Special appreciation is extended to Martha's primary physician at Dubose Health Center, J. Marvin McBride, MD; to James A. Bryan, MD, her care giver of many years; to Gerald, Hladik, MD, who compassionately coordinated her complex care; to the nurses of Dubose Health Center; to the aids and staff, and particularly, the kitchen staff; to Martha's personal aid, Ms. Rose Kamau, to whom the family gives appreciation for her tact, her candor, and love; and to the drivers in the Transportation Department of the Cedars of Chapel Hill for their efficiency and care.

The funeral service will commence at 3pm Monday, December 29, 2014, at the Chapel of the Cross, 304 East Franklin Street, Chapel Hill. Reception to follow at Hyde Hall on the Carolina campus, located west of the Morehead parking area and Graham Memorial.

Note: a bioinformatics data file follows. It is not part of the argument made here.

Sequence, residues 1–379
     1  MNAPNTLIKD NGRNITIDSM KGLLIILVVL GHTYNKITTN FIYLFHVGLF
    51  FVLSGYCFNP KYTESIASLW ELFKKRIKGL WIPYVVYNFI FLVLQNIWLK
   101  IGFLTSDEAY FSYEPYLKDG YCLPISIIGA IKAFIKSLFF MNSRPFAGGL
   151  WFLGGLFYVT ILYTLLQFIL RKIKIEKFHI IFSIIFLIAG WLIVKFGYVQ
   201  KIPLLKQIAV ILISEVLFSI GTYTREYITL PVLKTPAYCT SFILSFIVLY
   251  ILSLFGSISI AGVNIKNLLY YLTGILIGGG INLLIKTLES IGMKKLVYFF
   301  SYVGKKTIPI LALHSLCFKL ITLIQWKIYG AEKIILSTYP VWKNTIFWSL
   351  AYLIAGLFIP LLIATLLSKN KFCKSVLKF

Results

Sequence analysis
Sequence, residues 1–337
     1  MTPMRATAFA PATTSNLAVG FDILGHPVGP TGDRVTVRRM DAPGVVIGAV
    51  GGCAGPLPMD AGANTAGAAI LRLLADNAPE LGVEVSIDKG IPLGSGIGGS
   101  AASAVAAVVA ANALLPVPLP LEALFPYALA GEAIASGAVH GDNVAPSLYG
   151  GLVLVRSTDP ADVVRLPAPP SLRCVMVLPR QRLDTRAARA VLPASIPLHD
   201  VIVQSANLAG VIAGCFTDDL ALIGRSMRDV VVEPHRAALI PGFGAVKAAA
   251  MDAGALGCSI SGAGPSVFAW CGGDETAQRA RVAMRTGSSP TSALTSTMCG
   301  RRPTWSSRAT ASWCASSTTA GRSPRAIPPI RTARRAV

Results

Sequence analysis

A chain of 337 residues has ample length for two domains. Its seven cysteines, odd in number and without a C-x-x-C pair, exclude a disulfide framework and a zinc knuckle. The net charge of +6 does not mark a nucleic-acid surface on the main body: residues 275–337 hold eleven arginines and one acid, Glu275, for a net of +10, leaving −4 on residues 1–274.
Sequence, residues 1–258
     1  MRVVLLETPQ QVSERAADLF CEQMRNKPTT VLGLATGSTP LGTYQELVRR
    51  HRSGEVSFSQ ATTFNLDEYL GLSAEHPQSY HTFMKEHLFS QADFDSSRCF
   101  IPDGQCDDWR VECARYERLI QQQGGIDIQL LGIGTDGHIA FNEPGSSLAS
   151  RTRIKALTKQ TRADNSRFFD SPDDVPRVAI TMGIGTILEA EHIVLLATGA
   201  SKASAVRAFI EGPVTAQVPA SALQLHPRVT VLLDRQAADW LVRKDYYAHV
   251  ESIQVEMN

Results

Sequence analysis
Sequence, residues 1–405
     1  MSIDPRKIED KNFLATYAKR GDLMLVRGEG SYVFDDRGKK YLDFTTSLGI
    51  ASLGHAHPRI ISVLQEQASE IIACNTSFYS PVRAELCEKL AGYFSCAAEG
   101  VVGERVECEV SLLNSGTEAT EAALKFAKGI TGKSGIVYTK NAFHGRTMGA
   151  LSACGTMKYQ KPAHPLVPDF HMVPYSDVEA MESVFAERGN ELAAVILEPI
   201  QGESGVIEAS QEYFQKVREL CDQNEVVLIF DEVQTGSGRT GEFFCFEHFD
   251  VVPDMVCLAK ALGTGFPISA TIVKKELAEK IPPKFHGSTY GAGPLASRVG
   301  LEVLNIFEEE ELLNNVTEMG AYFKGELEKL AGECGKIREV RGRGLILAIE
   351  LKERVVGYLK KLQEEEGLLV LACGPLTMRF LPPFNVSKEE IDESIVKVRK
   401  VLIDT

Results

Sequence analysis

Gifts may be made to The Friends of the Carrboro Branch Library (the Southwest Branch of the Orange County Library), 900 Old Fayetteville Road, Chapel Hill, NC 27516 for program support, books and materials for the new library building.
Published by The News & Observer from Dec. 28, 2014 to Jan. 4, 2015.
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6 Entries
I was saddened to learn of Marty's untimely death.Our long lasting friendship will always be in my heart and memory. Del Keinigsberg
January 21, 2015
Bunny Schroeer, portrait/photo and December 29 entry about Martha and Durham Academy. Martha was my dear friend and I will miss her.
December 30, 2014